Working from home is a joy. If I sit up till midnight forward planning, I can spend the next morning watching old police procedurals. On off-days when everything keeps changing, I stop. Then I wake with the birds to get the pieces in place before anyone has noticed. Organised properly, solitary working is a winner. Until Covid19.
Last Friday, my daughter’s office closed. Staff were told to work from home. This week, every morning has started with her locking all the doors and shusshing me while she takes a one hour conference call. The day is punctuated with scheduled catch-ups that trigger the same routine. Tiptoeing around my own space like a thief, I am reminded of my mother’s words when I once told her off for flattening the pile on my new carpet: “Do you want me to put my feet in my pockets before I start walking?”
The super-busy 20-something questions my approach to things: why am I on Twitter, is it vital to listen to the news while working, when things are quiet why not go to the gym? I am distracted by her voice, the continuous pinging of Slack, the ritual tea-making. My days used to fly by. Both yesterday and today (Friday), I woke thinking it was the weekend. How slowly time passes with a co-worker in the space!
As working from home becomes a version of hot-desking in a shared facility, how are others handling the change from being solitary to being one of the team? Hopefully they are kinder about it than me. I have turned into the genteel version of Father Jack.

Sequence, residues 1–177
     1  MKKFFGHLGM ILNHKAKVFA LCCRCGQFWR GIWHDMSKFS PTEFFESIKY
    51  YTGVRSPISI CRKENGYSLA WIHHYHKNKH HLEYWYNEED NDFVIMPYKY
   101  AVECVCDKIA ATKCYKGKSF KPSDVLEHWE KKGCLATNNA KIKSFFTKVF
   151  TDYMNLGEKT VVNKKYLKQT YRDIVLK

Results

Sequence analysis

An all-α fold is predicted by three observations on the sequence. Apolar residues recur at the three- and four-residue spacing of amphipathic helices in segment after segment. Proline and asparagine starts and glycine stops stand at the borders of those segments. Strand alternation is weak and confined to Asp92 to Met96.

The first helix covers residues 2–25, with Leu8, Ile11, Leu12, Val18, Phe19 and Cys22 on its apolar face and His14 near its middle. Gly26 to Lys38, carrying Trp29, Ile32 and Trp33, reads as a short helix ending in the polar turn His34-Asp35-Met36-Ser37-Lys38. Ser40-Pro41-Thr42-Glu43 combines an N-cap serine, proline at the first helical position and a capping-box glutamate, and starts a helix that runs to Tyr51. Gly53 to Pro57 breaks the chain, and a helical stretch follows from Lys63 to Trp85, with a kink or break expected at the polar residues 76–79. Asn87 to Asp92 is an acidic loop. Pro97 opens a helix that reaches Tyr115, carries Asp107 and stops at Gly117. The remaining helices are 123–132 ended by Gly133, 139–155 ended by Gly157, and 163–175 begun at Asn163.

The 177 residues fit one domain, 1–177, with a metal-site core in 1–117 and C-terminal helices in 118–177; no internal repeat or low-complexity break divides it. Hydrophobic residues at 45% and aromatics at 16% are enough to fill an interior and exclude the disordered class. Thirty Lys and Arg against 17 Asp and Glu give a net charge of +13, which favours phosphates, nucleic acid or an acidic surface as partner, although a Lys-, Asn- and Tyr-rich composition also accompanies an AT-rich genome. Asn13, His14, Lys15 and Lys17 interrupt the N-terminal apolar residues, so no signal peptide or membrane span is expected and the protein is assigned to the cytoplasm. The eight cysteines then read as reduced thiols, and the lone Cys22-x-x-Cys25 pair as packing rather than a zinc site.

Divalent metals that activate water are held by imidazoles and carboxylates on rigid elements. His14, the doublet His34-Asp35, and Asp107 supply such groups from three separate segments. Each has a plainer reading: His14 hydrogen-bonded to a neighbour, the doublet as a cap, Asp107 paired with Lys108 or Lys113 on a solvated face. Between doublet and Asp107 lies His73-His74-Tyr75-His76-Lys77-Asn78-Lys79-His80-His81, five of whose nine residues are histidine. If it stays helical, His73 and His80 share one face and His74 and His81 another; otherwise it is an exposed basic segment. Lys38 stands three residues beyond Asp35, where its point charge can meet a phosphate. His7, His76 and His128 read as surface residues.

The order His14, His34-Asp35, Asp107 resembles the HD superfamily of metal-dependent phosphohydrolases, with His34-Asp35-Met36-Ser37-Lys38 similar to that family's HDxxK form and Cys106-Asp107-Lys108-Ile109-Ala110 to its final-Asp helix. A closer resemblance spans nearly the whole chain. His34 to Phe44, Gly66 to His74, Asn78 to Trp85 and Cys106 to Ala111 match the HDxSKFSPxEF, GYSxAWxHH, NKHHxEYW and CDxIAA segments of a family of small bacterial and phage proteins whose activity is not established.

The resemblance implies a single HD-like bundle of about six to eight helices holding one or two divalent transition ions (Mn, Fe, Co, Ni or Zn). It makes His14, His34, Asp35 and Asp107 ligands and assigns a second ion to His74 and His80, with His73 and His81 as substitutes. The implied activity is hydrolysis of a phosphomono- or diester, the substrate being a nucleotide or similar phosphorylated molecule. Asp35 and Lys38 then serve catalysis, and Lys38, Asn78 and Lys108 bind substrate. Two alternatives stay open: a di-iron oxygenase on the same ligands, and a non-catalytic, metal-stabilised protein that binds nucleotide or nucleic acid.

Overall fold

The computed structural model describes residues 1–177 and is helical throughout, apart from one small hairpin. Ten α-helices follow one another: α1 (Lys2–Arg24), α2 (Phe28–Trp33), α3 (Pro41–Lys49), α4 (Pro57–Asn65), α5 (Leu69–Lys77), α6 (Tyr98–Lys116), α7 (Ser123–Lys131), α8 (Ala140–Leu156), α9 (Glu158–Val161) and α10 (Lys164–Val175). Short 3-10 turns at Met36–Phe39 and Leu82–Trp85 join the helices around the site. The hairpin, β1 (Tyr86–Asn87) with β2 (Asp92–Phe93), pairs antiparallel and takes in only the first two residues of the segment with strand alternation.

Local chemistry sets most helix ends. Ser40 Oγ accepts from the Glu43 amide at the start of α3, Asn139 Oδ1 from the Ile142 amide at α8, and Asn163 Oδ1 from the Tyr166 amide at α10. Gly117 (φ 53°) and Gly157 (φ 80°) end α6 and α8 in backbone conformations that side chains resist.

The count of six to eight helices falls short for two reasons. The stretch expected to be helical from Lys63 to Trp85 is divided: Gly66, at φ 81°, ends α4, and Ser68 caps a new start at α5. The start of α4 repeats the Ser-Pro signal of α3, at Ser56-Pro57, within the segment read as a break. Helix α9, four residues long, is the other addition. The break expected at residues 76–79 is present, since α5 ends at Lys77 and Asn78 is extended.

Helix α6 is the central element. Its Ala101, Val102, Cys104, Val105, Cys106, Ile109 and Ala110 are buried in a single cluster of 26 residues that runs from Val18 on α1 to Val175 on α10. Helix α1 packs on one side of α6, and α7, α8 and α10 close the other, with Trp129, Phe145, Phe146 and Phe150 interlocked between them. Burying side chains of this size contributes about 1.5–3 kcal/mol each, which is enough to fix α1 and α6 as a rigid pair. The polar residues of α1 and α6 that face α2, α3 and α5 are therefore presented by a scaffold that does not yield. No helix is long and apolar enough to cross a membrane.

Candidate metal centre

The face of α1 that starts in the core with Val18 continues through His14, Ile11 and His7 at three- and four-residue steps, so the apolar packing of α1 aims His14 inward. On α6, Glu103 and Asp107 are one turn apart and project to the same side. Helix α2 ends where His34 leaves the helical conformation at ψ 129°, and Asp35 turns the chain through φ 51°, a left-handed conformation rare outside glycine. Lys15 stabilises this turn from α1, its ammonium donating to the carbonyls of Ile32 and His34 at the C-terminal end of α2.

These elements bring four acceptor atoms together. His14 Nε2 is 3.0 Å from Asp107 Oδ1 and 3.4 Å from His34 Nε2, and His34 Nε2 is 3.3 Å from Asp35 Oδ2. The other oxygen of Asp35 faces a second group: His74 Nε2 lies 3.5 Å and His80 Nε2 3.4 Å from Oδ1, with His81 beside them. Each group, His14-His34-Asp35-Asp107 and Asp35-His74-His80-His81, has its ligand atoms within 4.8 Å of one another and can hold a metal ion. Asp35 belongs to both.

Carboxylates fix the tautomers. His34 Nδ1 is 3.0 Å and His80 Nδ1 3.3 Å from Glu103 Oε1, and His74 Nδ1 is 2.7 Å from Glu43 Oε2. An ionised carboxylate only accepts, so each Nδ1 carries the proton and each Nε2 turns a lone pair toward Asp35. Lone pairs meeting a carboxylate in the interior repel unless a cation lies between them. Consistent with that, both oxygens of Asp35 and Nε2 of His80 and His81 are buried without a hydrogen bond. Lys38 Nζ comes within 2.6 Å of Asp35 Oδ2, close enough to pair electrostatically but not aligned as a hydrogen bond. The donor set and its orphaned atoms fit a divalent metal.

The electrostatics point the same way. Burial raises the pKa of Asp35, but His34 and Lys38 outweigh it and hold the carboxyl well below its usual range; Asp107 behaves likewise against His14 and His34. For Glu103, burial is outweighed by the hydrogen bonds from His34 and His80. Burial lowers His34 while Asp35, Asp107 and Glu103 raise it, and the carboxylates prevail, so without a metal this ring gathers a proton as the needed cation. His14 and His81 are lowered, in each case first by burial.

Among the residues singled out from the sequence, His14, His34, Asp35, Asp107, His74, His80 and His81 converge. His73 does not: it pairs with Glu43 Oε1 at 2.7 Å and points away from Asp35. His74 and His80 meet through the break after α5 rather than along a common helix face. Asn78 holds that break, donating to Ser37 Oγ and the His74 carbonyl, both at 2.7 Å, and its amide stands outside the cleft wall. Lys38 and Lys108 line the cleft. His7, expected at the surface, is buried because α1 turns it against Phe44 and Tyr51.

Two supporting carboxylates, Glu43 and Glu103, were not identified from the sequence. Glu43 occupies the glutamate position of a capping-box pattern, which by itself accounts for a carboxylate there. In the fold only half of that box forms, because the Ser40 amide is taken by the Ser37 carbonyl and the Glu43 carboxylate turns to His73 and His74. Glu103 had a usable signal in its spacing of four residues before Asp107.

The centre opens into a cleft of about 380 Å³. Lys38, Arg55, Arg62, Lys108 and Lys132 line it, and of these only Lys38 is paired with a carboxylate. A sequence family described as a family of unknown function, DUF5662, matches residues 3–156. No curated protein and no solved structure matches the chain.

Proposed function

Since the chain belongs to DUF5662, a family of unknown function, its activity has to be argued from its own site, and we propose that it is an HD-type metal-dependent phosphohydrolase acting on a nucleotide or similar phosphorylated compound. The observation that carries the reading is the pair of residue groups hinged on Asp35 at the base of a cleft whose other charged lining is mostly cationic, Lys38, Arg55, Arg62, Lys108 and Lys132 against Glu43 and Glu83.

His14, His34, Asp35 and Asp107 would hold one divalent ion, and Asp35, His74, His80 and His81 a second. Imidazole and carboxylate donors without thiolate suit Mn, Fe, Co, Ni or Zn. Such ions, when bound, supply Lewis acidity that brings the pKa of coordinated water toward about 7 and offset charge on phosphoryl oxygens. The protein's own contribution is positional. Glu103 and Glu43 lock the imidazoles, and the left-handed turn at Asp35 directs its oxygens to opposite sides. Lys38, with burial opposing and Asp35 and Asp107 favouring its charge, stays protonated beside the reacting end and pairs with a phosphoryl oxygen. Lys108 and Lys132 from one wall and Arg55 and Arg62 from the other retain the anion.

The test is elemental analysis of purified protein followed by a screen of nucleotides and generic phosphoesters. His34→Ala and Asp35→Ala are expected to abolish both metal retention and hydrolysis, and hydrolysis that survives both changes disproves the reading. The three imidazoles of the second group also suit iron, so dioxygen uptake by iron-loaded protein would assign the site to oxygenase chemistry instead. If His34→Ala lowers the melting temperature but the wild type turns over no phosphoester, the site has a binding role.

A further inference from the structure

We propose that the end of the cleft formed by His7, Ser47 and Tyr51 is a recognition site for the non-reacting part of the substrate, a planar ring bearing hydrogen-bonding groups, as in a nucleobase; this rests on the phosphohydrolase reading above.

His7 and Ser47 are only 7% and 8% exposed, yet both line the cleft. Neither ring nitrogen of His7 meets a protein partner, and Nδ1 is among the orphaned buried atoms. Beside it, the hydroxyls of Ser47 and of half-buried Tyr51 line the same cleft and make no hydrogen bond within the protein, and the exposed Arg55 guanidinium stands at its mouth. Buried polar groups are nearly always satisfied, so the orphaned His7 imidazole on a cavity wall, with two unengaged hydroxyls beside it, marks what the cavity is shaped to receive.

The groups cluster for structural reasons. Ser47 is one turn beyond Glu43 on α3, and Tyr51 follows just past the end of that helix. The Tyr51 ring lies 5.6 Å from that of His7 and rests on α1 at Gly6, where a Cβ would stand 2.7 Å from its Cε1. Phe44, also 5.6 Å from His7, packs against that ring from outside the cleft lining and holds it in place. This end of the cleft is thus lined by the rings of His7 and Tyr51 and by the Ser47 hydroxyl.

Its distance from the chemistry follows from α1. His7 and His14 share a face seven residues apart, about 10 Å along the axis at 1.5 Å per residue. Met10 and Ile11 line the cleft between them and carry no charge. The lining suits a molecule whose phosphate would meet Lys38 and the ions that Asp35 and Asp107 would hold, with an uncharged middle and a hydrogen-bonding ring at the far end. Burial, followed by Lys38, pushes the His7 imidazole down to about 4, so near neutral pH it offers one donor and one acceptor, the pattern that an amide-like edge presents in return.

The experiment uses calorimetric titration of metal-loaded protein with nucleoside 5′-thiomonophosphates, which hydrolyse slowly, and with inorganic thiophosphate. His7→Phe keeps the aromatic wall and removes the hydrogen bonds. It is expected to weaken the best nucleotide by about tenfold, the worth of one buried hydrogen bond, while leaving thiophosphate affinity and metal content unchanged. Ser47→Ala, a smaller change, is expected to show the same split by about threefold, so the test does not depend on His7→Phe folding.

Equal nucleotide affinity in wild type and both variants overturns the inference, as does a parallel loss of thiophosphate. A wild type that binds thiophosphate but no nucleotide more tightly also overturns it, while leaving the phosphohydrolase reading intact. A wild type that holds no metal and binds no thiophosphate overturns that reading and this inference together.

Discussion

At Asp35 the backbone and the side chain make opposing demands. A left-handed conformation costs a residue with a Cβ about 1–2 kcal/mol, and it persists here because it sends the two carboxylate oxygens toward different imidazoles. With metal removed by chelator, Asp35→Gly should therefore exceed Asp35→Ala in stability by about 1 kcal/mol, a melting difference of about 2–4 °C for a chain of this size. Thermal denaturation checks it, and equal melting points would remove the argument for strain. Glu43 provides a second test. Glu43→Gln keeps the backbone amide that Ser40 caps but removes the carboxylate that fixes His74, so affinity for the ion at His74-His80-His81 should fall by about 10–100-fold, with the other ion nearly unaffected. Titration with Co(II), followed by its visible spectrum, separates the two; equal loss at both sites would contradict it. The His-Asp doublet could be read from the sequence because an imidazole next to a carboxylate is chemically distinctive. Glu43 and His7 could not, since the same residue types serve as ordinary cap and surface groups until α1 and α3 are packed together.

One concern is that, with two of us in the kitchen, lunch is now a social ritual rather than a plate of crackers at my desk. As the impositions on daytime travel have rapidly extended to impositions on social spaces, events, performances, and interactions, I am now eating dinner with someone I rarely saw because our evenings were so busy.
Our normal food delivery, which was ordered for last weekend before the supermarket chaos, normally lasts 10-14 days. Today, Day 5 of shared solitary working, the whole lot is gone. My daughter went out at 7am to get basics from the local food store.
Covid19 is stealing our peace of mind while adding to our piece of body. We fight over noise and space and privacy while worrying what it’s doing to our figures. In my case, it will be further waste-dispersal. In hers, unexpected waist-disposal. That’s why this video, from a culture that is way ahead of us on this particular curve, made us both laugh out loud and lifted the mood…